Anyone who has been doing GAPS, or paleo/primal, for a while and still is having gas/burping/bloating or other digestive issues should seriously take a look at FODMAPs. I just discovered this protocol for treating IBS recently and over the past couple weeks have been eliminating the newly-found “avoid” foods from my diet, and I have seen some remarkable improvements, altho technically I’ve never been officially diagnosed with IBS … or, frankly, any other intestinal disorder, despite several doctors’ valiant (or maybe not so valiant) attempts. I just know things are pretty disorderly down there.
FODMAPs (which stands for Fermentable, Oligo-, Di- and Mono-saccharides and Polyols – no there will not be a quiz) are a list of foods which have been clinically proven to aggravate IBS symptoms. You can find a pretty comprehensive list of the foods to avoid here. As far as I can tell, the thinking behind the FODMAPs schema is very similar to parts of the thinking behind GAPS – avoid particular foods which can be difficult to process intestinally and therefore are more susceptible to fermentation on the part of unfriendly yeasts and bacteria – thereby producing irritation, gas, and the accompanying bloat. Or bloatation, as I like to call it, ‘cuz sometimes it feels like my belly is just going to lift me up off the ground!
There’s a lot of stuff on the FODMAPs avoid list which I’ve already been avoiding – grains, unfermented milk, HFCS, “prebiotics” like inulin, fake sweeteners like xylitol, and, for the most part, brassicas like broccoli, cabbage, and Brussels sprouts. The one thing that really clicked in my brain when I read this list was the avoidance of galactans (which are part of the oligosaccharides group of the acronymic name) – which can be found in almost all legumes. Something that never made sense for my body with GAPS was the allowance of a few supposedly “safe” legumes like peanuts, lentils, lima beans, navy beans, and peas. Even these beans (even fresh green peas!) my body most definitely DOES NOT LIKE, and has made this clear to me on no uncertain terms. Given those restrictions already, here’s my new list to learn of avoids / seek outs:
Peaches, apricots, nectarines, plums
Dried fruits – esp. dates and figs
Onion, leek, garlic
|Maple SyrupBerries (except blackberries)
Lemon, lime, grapefruit, orange, tangelo
Bananas (Ripe ones)
Grapes, Pineapple, Persimmons
Tomatoes, Peppers, Eggplants
Carrots, Celery, Parsnips
Pumpkin, Hard Squash
Mushrooms (except button)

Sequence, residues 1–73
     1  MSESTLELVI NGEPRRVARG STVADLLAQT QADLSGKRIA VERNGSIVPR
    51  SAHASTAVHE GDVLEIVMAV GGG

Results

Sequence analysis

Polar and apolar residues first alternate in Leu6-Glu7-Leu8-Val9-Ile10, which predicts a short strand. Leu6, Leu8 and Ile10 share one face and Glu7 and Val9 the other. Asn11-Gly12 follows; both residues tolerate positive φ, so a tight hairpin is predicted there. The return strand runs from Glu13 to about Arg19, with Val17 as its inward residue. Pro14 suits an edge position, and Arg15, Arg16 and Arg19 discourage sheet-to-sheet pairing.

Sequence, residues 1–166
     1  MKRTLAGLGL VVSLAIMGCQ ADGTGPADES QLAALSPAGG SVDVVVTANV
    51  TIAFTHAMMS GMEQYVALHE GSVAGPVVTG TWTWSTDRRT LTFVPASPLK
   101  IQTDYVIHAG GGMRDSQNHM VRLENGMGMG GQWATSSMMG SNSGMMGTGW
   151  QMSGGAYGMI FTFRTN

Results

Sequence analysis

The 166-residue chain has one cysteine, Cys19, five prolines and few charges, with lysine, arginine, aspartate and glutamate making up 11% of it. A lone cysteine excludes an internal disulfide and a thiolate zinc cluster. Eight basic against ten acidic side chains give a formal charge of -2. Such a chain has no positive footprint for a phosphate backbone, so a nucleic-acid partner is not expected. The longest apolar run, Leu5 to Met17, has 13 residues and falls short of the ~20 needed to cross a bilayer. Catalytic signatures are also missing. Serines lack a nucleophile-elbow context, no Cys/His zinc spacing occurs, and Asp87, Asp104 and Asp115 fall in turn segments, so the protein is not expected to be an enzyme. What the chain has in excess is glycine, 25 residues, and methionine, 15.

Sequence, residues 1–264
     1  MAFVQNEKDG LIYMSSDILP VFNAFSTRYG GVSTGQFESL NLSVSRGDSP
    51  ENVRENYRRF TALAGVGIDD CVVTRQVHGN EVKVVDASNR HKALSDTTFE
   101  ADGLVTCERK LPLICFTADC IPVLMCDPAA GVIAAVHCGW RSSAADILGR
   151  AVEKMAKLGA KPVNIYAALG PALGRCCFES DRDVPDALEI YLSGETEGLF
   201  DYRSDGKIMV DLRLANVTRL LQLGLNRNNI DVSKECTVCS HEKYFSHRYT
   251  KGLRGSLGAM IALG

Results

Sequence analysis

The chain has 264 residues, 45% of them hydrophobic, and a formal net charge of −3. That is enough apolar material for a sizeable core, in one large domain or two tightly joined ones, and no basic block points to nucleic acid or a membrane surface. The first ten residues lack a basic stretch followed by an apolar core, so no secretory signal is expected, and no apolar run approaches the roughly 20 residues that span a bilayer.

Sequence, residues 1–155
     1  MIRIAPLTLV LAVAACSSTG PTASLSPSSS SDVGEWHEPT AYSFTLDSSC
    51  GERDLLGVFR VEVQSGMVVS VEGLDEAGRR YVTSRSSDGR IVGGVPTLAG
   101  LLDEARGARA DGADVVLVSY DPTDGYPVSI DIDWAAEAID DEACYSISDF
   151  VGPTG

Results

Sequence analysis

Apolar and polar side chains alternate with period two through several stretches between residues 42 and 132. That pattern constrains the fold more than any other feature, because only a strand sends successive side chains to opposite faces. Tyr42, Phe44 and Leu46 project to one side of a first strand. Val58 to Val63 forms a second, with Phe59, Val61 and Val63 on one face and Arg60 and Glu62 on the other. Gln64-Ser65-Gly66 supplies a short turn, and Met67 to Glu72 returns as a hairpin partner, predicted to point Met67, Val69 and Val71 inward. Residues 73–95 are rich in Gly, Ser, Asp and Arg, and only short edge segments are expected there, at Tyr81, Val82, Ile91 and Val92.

However, there were plenty of foods on the FODMAPs list that I hadn’t been avoiding – actually, that I’d been eating pretty abundantly. Onions, garlic, peaches, plums, coconut milk and cream, dried fruits (especially dates), beets, cherries … and HONEY. I had been eating a lot of honey. Those were all pretty standard staples in my diet, especially when I decided to just chill and eat what I wanted for a while. But a consequence of this decision ended up being a lot of bloatation, and then I started having much worse symptoms, which I won’t gross you out with. But no matter how much activated charcoal I took (and I took a lot—because that had helped slow things down, so to speak, when I had had similar past episodes) I ended up, after about 10 days of getting progressively worse, totally drained of energy and having a hard time making it up stairs without having to stop halfway from exhaustion. And I don’t have a bathroom on the first floor of my house. Which meant climbing the stairs was kind of urgent despite my exhaustion!
So I started cutting out those “avoid” foods. And I started feeling better. It’s taken a week or so, but things are finally back to normal, and my energy has skyrocketed. I’m still eating fruit—bananas, blueberries, and raspberries (yay!) mostly, just not the FODMAPs fruits. And I haven’t had any sweetener. The FODMAPs chart suggests using maple syrup for a sweetener. I haven’t tried this yet, tho, since maple syrup is supposed to be an avoid substance on GAPS, and frankly, I’m probably best off without sweetener anyway, since I can get sucked into the sweet tooth trap so easily.
I’m not entirely clear why the FODMAPs avoid list and the GAPS/SCD avoid list (a summary of which can be found at the bottom of this page, with a more complete list in the book) are so different on so many foods, because like I said before, the rationale behind what should be avoided on the two diets seems, from my non-nutritionist standpoint, to be pretty similar, yet the conclusions so dramatically different. Regardless of rationale, the results have been pretty clear for me – and a couple of other bloggers in the paleo community as well, who have very similar stories to my own (also, there’s a good overview here). And frankly, when it comes down to it, I want something that works for my body, and if I don’t fully understand why, I’m ok with that. If someone has a better understanding of the differences between these diets, I’d definitely be interested in reading it.
I definitely don’t regret taking some time off from being a slave to my diet to come to terms with my love of sweets, because it taught me some new and important lessons about my body. Issues surfaced with much more intensity than otherwise would have, and I was able to pay attention to them because I wasn’t worrying about other things that had previously been intensely occupying my thoughts–moderation being one of them! And with avoiding FODMAPs, I can have my raspberries and still eat them without bloatation too!
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